Lent’s Welcome to Jerusalem

given on March 13, 2011, the first Sunday of Lent

This is the first sermon in a series “Walk a Mile in His Shoes:  A Lenten faith journey through Jesus’ 3.5 year ministry.

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Welcome to Jerusalem


Sunshine, warmer temperatures, basketball tournaments and a looming St. Patrick’s Day all add up to Spring Break.  Our journey to the Holy Land to walk where Jesus walks begins today.  We spent a week getting ready, but now it is time to start experiencing what Jesus’ life was like during the years of his ministry.

The view from the ridge above Jerusalem lets us see what the temple looks like today, but look a little closer.  The archeological sites of the first and the second temple of Jerusalem are right there between the road the wall around the Temple Mount.  The first one seems so small buried down there right up against the wall just to the right of center.  The second temple is to the left, up against the wall.  The perimeters of all three temples are evident, the basic structure is very similar, but the years have certainly changed the look of the region.  This is no longer a rural area, it is a modern metropolitan area.

Yet, Jerusalem is where Jesus began his ministry in a very public manner.  He lost his temper.  On Ash Wednesday, we discussed how Jesus went to a wedding and his mother asked him to fix a problem:  the host had run out of wine for the festivities.  Even though he did not want to reveal his powers yet, he did turn the huge vats of water into wine, fine wine, protecting the family from shame within the community.

Today, we have heard that Jesus walked into the temple when he arrived for Passover in Jerusalem.  He was so angry that he turned over the tables and scattered the coins all of there place.  He started a stampede of the animals there to be sold for sacrifice.  He started raging at the loan sharks.  Remember the verses in John 2?

He told the dove merchants, “Get your things out of here!  Stop turning my Father’s house into a shopping mall!” (v. 16)

Looking at the temple’s ruins, I can picture the scene so clearly.  I certainly am not surprised that the Jews were upset.  The Jewish people were proud of the temple, they lived the traditions of their faith for thousands of years, and Passover was a time of festivities.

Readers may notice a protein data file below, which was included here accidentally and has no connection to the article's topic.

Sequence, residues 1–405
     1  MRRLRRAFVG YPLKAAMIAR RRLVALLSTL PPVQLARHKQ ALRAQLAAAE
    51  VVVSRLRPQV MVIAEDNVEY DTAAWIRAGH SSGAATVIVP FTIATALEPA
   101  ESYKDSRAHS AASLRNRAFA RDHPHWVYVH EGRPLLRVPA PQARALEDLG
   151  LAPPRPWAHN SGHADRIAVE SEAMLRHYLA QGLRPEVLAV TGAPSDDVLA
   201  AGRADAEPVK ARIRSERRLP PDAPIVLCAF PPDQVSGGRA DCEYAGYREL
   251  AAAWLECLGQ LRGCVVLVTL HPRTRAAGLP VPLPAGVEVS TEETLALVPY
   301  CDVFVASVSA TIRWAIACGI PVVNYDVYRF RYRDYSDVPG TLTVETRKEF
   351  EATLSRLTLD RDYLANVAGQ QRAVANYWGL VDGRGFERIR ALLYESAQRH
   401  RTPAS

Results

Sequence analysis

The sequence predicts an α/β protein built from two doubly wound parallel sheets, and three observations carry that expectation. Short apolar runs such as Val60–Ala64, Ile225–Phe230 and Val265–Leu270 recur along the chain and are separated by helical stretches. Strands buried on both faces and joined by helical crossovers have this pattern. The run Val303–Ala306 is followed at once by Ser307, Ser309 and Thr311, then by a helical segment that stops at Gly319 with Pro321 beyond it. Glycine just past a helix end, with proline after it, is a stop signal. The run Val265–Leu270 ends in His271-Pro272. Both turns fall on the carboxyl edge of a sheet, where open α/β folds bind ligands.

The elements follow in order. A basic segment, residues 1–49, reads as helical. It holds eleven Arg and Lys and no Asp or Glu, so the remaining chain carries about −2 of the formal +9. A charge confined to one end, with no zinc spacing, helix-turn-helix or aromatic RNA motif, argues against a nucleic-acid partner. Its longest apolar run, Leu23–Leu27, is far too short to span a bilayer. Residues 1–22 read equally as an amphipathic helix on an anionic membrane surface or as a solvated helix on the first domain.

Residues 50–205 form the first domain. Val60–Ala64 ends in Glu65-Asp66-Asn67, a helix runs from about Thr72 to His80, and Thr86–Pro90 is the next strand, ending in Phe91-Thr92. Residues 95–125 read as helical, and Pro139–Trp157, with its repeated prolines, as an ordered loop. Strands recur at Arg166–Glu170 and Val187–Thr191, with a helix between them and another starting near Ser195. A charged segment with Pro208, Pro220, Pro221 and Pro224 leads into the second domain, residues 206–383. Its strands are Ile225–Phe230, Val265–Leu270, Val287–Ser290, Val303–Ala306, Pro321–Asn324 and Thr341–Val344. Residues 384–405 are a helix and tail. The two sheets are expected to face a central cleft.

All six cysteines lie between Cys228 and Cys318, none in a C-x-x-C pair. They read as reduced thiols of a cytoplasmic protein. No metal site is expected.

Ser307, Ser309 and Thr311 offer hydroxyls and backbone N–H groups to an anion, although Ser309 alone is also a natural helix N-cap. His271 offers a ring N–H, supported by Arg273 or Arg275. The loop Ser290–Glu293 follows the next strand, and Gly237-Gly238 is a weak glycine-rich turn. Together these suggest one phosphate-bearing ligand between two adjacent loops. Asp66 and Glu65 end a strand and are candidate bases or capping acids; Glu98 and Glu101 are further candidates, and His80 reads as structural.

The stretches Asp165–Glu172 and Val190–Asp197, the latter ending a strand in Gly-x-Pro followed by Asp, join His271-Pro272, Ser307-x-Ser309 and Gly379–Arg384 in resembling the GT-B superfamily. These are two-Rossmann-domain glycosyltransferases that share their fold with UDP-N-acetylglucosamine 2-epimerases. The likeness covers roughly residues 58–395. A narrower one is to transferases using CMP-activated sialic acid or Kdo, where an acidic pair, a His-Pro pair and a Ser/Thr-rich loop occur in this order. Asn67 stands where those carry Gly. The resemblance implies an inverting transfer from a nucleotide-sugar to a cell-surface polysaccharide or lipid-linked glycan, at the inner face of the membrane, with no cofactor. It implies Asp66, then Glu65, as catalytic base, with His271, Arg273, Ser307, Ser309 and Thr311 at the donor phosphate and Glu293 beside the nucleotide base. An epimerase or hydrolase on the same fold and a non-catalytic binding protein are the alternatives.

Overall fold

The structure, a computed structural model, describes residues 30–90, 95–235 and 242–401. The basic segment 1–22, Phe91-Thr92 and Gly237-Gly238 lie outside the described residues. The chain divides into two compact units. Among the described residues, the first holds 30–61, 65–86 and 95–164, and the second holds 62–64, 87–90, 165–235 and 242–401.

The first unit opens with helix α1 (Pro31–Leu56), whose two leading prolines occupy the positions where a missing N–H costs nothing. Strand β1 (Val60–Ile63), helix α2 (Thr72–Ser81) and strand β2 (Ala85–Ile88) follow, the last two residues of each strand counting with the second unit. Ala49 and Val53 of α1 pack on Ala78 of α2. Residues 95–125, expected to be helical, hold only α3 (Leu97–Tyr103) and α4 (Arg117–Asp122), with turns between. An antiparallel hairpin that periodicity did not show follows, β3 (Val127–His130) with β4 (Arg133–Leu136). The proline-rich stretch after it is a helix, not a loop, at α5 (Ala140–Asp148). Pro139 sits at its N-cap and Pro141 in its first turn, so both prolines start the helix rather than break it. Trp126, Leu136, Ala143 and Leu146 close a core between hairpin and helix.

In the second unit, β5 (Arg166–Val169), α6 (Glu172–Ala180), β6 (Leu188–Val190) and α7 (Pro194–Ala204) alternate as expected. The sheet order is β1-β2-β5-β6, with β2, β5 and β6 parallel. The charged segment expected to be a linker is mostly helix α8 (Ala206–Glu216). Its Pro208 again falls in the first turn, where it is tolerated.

One can imagine how Jesus felt as he left the temple.  Probably he was angry, but he was also exhausted.  You know how it is when you lose your temper and you walk away.  You are physically drained.  You certainly do not feel elated about the outcome.  You may even begin second-guessing what you did.  Jesus did know what he did.  He also knew he could not trust those at the temple.  The scripture John 2:24-25 states:

“He (Jesus) knew them inside and out, knew how untrustworthy they were.  He didn’t need any help in seeing right through them.”

Leaving the temple, Jesus walked the unpaved path, which is now paved.  He resumed his ministry but before he left Jerusalem a Pharisee, a prominent leader among the Jews, visited him late one night.  He came to understand who Jesus was and what he was preaching.

As I read through the timeline and saw the name Nicodemus, I could not remember his story and I was surprised to learn that this was one of the earliest conversations that Jesus had with one of the Pharisees.  I began reading, and as I read the Message version of the visit I found some answers.  My faith journey took a side trip that has provided me with almost a video image of that visit.

Nicodemus knew what was going on in the community, he had an idea who Jesus was, and he knew the prophecies which had long promised of a Messiah.  The first question listed in John 3 shows the curiosity Nicodemus had, his eagerness to understand:

“Rabbi, we all know you’re a teacher straight from God.  No one could do all the God-pointing, God-revealing acts you do if God weren’t in on it.”

Notice that Nicodemus addresses Jesus as Rabbi.  He also confirms that he knows Jesus has actively begun his ministry.  He just needed some clarity, he had questions for Jesus, and he knew it was dangerous to meet Jesus publically.

In the darkness, Nicodemus sought understanding.  Nicodemus was intentionally growing his own faith just as we are trying to do with this Lenten season, walking a mile in Jesus’ shoes.  And Nicodemus was given answers which caused him to stay close to Jesus’, even helping Joseph take him off the cross and place him in the tomb.

Reading through the conversation is not necessarily easy.  I can envision the midnight conversation.  The drive to understand kept Nicodemus engaged, but Jesus’ answers were like riddles.  The answers, though, are clearer to us today thanks to the hundreds of years that language authorities had worked to translate them, for the many theologians who have explained the significance of the answers.

Yet, as I stopped to read through the verses in the Message I found answers, too.  My faith journey definitely is building understanding.  The problem, though, is that we are on Spring Break.  We have only a few days, so to speak, to cover the three and a half years of Jesus’ ministry.  Our return date is only four weeks or so away.  We have to be home by Palm Sunday.